I haven’t submitted any estimates using anything other than harnesses, I’m just curious if anyone else does, or what you supplement for?

Most of the things you mentioned are standard equipment required for the job. Why not charge for nail guns and hammers?

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Nail guns are included in deprecation of tools. Same reason we use ARMV>, they own equipment and deprecation is included in ARMV> not 300.

Dude, I was being sarcastic.

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My apologies, it didn’t read in my head to be sarcastic. I also figured the viewpoint of “OSHA is part of doing work and not the insurances problem” would be standard here.

While I would generally agree, and some OSHA requirements are kind of BS for residential, if the insurance company is going to nickel and dime me on other line items, I am more apt to push for them.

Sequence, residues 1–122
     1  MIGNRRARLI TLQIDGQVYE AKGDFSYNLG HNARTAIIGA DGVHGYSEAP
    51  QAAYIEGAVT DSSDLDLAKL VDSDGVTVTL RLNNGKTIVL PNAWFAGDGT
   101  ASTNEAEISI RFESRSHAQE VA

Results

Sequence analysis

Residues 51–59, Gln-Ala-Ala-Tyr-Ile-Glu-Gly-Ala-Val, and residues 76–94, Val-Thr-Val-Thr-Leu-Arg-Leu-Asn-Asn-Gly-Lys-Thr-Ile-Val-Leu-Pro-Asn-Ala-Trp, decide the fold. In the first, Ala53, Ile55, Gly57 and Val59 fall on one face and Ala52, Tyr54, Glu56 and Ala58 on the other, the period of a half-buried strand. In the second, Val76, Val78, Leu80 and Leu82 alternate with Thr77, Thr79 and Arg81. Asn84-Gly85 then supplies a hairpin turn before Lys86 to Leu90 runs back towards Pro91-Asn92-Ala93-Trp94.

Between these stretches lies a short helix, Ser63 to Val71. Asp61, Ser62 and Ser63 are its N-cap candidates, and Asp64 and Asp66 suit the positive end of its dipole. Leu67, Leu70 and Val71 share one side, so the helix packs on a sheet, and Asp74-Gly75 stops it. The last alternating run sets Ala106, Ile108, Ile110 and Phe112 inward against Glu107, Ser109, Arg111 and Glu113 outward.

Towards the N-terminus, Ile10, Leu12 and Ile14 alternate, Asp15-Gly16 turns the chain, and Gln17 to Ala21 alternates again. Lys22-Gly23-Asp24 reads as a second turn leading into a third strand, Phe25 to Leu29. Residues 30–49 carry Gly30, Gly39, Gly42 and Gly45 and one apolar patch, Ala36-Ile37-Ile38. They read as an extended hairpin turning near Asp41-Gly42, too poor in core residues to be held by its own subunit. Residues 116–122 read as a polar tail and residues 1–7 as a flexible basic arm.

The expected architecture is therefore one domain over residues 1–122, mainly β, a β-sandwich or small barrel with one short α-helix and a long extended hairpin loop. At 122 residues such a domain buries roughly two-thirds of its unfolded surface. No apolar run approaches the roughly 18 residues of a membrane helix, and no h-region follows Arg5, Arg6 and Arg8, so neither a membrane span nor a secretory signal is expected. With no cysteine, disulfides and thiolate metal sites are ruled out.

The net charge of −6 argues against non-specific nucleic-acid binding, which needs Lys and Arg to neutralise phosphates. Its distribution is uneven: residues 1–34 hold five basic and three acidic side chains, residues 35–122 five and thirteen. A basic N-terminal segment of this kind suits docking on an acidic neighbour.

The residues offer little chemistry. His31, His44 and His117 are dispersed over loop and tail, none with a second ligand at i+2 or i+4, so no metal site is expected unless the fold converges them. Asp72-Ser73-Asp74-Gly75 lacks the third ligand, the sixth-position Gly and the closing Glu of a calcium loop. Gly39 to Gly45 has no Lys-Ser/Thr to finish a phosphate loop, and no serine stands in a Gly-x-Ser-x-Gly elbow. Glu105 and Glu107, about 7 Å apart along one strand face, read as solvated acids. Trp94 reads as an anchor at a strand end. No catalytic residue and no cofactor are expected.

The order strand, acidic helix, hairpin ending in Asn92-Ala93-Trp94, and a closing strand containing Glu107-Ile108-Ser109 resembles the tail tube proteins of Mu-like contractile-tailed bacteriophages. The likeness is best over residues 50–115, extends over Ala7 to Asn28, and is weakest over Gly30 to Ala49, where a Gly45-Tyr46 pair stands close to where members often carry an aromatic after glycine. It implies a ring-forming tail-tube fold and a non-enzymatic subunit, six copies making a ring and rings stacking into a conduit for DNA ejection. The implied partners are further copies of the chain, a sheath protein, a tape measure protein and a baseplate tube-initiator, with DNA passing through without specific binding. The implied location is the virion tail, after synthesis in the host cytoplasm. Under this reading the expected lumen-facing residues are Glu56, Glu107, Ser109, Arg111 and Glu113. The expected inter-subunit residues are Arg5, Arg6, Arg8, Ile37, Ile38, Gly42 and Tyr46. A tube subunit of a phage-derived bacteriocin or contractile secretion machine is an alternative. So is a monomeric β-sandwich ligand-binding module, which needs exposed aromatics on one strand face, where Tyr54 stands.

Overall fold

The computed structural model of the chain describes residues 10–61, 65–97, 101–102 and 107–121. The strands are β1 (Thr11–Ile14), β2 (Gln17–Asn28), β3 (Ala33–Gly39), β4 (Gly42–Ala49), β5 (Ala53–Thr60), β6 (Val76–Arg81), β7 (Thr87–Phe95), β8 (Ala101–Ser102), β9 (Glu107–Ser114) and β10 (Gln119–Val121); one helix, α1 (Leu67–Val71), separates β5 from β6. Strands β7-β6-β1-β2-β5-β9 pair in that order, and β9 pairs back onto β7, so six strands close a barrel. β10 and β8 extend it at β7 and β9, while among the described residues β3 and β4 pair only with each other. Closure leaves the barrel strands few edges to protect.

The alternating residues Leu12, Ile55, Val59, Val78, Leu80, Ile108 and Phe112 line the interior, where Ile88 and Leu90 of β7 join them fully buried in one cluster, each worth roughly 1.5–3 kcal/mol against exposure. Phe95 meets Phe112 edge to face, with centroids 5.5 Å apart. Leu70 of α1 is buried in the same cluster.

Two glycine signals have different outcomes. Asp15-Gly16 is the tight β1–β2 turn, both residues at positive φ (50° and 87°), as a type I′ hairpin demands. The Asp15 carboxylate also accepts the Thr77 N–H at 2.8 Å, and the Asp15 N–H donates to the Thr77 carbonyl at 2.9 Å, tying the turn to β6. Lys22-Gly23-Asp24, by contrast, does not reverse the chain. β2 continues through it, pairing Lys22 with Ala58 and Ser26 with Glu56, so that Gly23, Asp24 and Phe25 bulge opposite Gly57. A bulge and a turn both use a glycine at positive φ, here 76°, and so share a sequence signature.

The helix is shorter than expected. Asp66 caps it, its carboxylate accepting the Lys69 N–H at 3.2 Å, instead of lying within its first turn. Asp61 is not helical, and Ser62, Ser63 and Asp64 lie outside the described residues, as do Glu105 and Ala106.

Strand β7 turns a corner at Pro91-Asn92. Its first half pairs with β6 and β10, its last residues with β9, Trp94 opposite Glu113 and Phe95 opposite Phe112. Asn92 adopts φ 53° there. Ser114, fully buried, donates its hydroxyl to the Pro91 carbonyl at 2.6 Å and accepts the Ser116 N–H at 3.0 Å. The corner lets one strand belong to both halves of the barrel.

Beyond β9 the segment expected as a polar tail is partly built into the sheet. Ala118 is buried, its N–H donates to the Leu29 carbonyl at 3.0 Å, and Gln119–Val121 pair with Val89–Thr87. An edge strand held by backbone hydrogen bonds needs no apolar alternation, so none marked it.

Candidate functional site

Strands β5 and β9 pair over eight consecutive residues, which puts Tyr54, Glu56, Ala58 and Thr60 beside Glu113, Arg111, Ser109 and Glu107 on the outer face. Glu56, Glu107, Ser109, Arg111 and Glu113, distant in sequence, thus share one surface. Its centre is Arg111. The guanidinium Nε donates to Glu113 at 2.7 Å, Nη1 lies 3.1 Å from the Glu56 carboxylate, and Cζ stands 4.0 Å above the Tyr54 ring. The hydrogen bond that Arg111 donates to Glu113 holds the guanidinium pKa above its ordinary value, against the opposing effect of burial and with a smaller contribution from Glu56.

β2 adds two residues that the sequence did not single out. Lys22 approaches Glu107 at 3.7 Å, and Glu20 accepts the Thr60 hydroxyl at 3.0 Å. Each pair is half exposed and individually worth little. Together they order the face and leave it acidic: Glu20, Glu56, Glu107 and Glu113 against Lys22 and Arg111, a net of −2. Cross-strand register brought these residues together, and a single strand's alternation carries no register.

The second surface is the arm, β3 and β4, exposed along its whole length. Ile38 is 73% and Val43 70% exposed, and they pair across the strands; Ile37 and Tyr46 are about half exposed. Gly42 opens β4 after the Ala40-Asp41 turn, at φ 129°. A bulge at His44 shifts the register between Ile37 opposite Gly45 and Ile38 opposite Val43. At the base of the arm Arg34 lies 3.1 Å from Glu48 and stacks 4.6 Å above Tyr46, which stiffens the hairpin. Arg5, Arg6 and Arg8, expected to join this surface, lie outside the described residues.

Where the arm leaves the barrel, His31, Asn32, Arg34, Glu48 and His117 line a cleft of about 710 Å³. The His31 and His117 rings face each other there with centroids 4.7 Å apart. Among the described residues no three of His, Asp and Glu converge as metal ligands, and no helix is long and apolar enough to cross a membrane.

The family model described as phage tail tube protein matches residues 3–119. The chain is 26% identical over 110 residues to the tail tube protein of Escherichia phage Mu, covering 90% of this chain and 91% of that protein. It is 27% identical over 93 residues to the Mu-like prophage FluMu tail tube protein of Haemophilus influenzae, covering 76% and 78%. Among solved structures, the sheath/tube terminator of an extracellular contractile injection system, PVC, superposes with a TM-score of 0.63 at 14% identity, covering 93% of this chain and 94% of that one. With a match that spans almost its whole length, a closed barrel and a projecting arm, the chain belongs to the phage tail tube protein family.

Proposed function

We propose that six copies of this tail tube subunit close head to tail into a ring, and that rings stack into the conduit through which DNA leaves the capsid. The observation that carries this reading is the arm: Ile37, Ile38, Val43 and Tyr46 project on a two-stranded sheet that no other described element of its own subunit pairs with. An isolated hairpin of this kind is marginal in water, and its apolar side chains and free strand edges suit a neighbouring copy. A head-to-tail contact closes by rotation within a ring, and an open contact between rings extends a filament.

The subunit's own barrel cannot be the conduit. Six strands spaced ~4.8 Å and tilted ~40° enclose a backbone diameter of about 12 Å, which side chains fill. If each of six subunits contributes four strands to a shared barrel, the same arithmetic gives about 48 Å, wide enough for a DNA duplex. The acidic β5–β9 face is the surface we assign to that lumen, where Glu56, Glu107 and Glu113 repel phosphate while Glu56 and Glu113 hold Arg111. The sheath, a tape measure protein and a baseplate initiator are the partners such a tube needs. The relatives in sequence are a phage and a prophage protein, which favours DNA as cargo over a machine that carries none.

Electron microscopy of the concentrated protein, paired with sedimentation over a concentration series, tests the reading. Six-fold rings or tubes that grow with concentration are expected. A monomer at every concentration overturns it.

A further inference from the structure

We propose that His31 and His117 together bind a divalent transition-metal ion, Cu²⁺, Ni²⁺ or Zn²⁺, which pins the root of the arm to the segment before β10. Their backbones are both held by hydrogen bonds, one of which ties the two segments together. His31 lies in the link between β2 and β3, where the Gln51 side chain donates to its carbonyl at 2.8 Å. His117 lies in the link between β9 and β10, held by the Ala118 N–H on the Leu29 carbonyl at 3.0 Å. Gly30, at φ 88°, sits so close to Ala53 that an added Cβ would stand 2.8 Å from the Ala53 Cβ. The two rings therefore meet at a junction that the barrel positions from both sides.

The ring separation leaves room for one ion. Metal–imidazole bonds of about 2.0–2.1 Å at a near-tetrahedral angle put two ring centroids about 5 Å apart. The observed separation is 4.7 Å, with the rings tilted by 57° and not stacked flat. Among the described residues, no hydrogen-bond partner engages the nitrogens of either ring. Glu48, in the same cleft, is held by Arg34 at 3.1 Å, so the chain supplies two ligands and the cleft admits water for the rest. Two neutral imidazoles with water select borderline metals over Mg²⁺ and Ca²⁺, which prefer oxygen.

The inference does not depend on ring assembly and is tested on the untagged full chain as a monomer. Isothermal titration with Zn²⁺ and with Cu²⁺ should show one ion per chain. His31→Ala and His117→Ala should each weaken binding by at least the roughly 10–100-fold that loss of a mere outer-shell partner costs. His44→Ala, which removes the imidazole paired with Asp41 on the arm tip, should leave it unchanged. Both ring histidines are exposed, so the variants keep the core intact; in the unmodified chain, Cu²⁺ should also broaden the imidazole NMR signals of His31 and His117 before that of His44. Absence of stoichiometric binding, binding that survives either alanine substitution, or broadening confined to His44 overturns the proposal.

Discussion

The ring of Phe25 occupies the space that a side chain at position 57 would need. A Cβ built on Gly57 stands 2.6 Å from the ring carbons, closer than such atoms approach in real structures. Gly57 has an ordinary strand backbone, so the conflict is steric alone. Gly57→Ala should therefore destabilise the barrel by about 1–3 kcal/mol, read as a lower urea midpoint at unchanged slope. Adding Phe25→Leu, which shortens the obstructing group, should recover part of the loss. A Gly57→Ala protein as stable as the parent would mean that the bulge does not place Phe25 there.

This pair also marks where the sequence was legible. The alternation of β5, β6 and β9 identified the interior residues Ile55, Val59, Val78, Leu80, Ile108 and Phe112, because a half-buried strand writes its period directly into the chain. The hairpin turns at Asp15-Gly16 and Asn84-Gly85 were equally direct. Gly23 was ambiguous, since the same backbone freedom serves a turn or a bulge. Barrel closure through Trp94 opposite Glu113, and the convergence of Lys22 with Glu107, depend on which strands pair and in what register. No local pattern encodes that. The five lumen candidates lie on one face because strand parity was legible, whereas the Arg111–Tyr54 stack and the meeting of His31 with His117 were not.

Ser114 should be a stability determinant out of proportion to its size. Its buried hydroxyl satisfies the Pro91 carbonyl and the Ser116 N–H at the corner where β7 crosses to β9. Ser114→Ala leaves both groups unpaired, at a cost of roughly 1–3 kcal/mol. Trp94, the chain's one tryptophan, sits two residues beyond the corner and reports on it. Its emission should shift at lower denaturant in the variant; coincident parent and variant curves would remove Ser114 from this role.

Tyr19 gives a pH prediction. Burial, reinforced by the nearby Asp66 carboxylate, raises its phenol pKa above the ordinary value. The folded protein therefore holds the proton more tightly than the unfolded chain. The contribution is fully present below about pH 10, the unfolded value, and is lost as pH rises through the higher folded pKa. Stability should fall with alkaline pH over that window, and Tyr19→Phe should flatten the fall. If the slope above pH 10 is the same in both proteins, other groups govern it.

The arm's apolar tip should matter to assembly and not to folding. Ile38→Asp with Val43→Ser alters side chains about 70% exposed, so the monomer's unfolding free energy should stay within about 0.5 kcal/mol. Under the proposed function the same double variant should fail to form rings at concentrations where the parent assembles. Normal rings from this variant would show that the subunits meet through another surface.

No need to apologize, I just thought it was rather humorous.

Here’s how I look at it. And believe me, I want to have the IC’s pay for everything they owe that is cost incurred with the job. I don’t know of anybody that would break out OSHA requirements for a residential retail job. For a commercial job, it may very well be appropriate as the costs are more varied and substantial. OSHA requirements are the same for a residential cash bid job as they are for an insurance job. So I don’t see charging for them as appropriate, especially small stuff like harnesses, ropes, etc.